The village of Naroa or Narve is tiny. To the uninformed, it looks like just another one of Goa’s many villages. But this village has played a significant part in Goa’s history and heritage and hides many archaeological delights. Narve is located on the easternmost tip of the very picturesque island of Divar and it is also the site of the very ancient Saptakoteshwar Temple.
Throughout Goa’s history, long before it was taken to be an Indian state, the land was ruled over by different kingdoms. Therefore it has had influences from the Portuguese, the Kadambas, the Vijayanagar kingdom and even the Sultans of the Bahmani kingdom through the years.
The Saptakoteshwar temple
Saptakoteshwar, a form of Shiva, was one of the chief deities of the Kings of the Kadamba dynasty in the 12th century. It is said that the then king built the temple for his queen who was a staunch devotee of this god. The Kadamba kings proudly used the title (Birudu) Shree Saptakotisha Ladbha Varaveera.
Sadly, soon after the temple was destroyed in 1352 when the Kadamba dynasty was overthrown by the Bahmanis. They ruled over Goa for around 14 years and it was during this period that most of the temples in Goa were destroyed. The Linga (a symbol of Shiva) from the Saptakoteshwar temple was believed dug up by the troops.
In 1367, the kingdom of Vijayanagar took over Goa, defeating the Bahmani army. During this period, all the temples, that had been destroyed, including the Saptakoteshwar temple, were rebuilt. Records found say that the temple was reconstructed by Madhava Mantri by the end of the 14th century.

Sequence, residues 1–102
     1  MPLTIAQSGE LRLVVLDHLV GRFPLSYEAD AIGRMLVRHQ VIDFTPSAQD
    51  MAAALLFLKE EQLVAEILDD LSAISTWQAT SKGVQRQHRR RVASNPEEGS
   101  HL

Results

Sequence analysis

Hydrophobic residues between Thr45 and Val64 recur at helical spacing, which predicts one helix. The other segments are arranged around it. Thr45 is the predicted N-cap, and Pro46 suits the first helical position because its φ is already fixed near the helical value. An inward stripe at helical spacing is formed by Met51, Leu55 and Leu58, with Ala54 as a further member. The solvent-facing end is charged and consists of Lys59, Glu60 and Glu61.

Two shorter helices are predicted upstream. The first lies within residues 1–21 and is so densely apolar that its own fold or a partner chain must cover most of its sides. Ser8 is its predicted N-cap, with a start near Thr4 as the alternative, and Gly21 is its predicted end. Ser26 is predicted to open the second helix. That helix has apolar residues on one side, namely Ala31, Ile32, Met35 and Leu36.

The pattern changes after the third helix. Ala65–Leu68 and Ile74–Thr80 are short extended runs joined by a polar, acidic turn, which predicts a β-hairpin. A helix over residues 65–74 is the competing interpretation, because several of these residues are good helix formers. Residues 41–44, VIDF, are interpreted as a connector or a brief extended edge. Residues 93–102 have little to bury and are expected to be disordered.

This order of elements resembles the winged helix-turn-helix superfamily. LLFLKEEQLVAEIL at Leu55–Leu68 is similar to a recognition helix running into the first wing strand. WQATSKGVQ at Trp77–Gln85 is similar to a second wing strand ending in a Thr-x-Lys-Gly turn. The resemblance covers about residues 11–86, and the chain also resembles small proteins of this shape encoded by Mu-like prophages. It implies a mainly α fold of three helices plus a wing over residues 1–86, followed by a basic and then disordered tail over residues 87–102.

Again, when the Portuguese conquered Goa in 1540, a large number of temples were again destroyed. Saptakoteshwar temple was again razed to its foundations. The stones taken from the temple were then used to construct the Nossa Senhora De Candelaria chapel at the same site. The Linga was also taken away by a man named Narayan Shenvi Suryarao and hidden in a place called Latambarsem where it remained for 3 years. It is said that it was smuggled away for safekeeping. It was later found on the wall of a well and still bears the marks made by the ropes used for drawing water at the time.
Reconstruction of the Saptakoteshwas temple
The Saptakoteshwar temple was eventually reconstructed when the Maratha king Shivaji came to power. It wasn’t until 1664 that this happened when he gave the order for the temple to be rebuilt at Narve (Naroa). The linga was also reinstalled in its rightful place. The stone plaque mentioning this order can still be seen near the temple entrance today.
The legend of the temple
There is a legend of how the name Saptakoteshwar came to be. It says that seven holy sages once set out to pray to Lord Shiva near the place where five holy rivers met the sea. They prayed for seven crore years at the end of which, Lord Shiva appeared to grant their wishes and agreed to stay at the place in one of his incarnations. This incarnation is known as Saptakoteshwar (sapt means seven and koteshwar means lord of crores).
In fact, the popular festival of Gokulashtmi is celebrated at this temple. It draws thousands of devotees from all over Goa. This day is considered to be the day on which Lord Shiva appeared in this incarnation to grant the wishes of the seven holy sages.
The Saptakoteshwar temple has a small entrance hall with bells. The main five pillared hall is decorated with arches and is intricately painted with chandeliers glorifying the beauty of the ceiling while the sanctorum wall is made of plain wood. The presence of ancient ‘aggarshalas’ can be demonstrated by the fact that there are ruins of an arched crumbling structure behind the main temple. The popular festival of Lord Krishna, ‘Gokul Ashtami’ is celebrated here every year.
It’s worth making a visit to the island of Divar and even visiting Naroa. It’s peaceful and even though the island is small, one can wander around and visit the site of the original Saptakoteshwar temple and see the chapel built on its ruins. It’s a part of Goa’s long and rich history and there are remnants of it everywhere.